Spygate Fallout: Advantage, Patriots?

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Spygate Fallout: Advantage, Patriots?

Filming, spying, covert, allowed, not allowed, cheating, getting an edge...

In the midst of the controversy regarding Bill Belichick and the Patriots, there is one issue that has, to the best of my knowledge, never been fully explored.

Does having film of signals or a walk-through or perhaps what the opposing team is having for breakfast make any difference in the long run?

I saw an interview with Brett Favre in the heat of the "Spygate" story. He initially said that he was not too sure what having the opponents defensive signals would really mean. He intimated that the game is too fast, the signals change, defenses shift, and, in the final analysis, one has to execute their gameplan, regardless of whatever knowledge you think you might have.

Later, in the same interview, he responded to a direct question as to whether it would be an edge to "know what the defense is going to do" by saying something along the lines of, "Yeah, sure, it would be really helpful."

What I want to know is exactly how it would be an advantage. Now, on the face of it, one would seem to automatically conclude that a piece of knowledge has been acquired and therefore, by its very nature, it gives a "leg up" on the opponent.

But...how?

Does that mean that the team that has captured film of the opponent's signals studies them, memorizes them, watches for them to be "signaled" from across the field, translates them, and conveys them to their quarterback?

What is the time frame in which this must be done? Are signals (defensive) always evident? Do signals change during the course of a game? Does a signal change after the initial signal? Does the quarterback look over at the other sideline to try and pick up the signal? Can the quarterback just go ahead and ask, let's say, the opposing middle linebacker "Hey, what are you guys gonna do?"

Is this why QBs like Peyton Manning and Brady are pointing at the opponents players while they're calling their plays? Do you think the opposition would tell them?

Maybe it's like, "Hey, what are you guys gonna do?"

"Oh, we're thinking about blitzing but don't worry, we're probably not going to..."

Judy Battista, from the New York Times, states, in an article written on February 3rd, 2008, "A tape of a walk-through would provide a distinct advantage to an opponent, almost certainly greater than the interception of coaches’ signals would provide."

Later, in the same article, Battista quotes lineman Adam Timmerman, former offensive lineman from the St. Louis Rams team that was defeated by the Patriots in the now controversial "filming the walk-through" incident, as saying, “We don’t do signals in the walk-through. They just send the play in. It’d be very limited. If it was me and you gave me the film from the walk-through, would I think it really had an advantage going into the game? Probably not.”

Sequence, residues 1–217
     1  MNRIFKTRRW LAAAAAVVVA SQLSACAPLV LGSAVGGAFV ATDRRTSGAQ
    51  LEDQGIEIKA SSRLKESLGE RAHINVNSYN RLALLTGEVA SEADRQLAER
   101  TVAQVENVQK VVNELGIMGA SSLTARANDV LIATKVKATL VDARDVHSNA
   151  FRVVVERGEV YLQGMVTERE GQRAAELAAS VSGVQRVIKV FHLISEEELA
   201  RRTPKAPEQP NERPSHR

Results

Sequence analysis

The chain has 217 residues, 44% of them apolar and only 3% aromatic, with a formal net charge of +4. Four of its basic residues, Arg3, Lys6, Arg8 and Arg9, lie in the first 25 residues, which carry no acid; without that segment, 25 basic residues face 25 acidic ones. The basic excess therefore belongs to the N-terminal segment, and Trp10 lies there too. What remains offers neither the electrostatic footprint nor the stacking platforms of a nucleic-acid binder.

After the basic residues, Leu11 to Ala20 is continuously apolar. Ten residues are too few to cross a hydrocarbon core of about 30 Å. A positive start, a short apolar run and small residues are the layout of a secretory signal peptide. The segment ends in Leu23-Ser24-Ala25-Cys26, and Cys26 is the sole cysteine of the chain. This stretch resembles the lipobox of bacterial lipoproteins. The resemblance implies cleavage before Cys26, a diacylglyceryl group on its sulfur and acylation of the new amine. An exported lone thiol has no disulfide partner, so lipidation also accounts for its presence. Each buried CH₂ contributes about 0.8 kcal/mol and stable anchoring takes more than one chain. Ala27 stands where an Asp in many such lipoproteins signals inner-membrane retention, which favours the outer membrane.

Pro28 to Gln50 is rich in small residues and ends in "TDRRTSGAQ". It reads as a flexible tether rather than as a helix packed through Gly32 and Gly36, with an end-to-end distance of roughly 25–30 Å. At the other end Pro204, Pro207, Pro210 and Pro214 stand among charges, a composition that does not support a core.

Timmerman thinks that at least the filming of walk-throughs is probably not a game-changer. What about signals previously deciphered and now detected or identified during a game?

By way of trying to determine the exact steps in utilizing the "stolen" information within the setting of the game itself, one needs to look at the process of using this information.

Again, there are doubts about the true benefits. For example, former General Manager of the Dallas Cowboys, Gil Brandt, says the transmission from coaches to the quarterback's helmets cuts off with 10 seconds left on the play clock. He believes that doesn't allow for enough time to see what the other team called, decipher it, come up with a counter strategy and then get it out to the field in time.

There's no doubt that the Patriots violated a directive from the Commissioner's office. Interestingly enough neither the NFL or any other legitimate entity has ever used the expression "breaking a rule," primarily because the real rule only relates to the environment in which taping can take place.

Specifically, the rule dictates the setting as one that must be enclosed on three sides and have a roof. Seemingly the NFL is trying to prohibit the taping from the sidelines. The rule does not speak to what can be taped and places no prohibition on the "target" of the taping.

The directive was a reiteration of the rule regarding placement of the video equipment and was issued by NFL Commissioner Goodell before the 2007 season. One still struggles to understand what the real game-time advantages are as they relate to securing defensive (or offensive, for that matter) signals.

Dan Rooney, chairman of the Pittsburgh Steelers, said in light of knowledge that the Patriots taped the Steelers' coaches during the AFC Championship Games in 2001 and 2004, "We consider the tapes of our coaching staff during our games against the New England Patriots to be a non-issue. In our opinion, they had no impact on the results of those games."

So the search goes on: is there an advantage? The popular opinion, of course, seems to be a resounding "yes."

It appears that there is no separation between the improper act of filming and its subsequent, seemingly inherent, advantage. Maybe so. The logical argument would of course be, "Why would they do it if there was no advantage?"

And the answer is...? 

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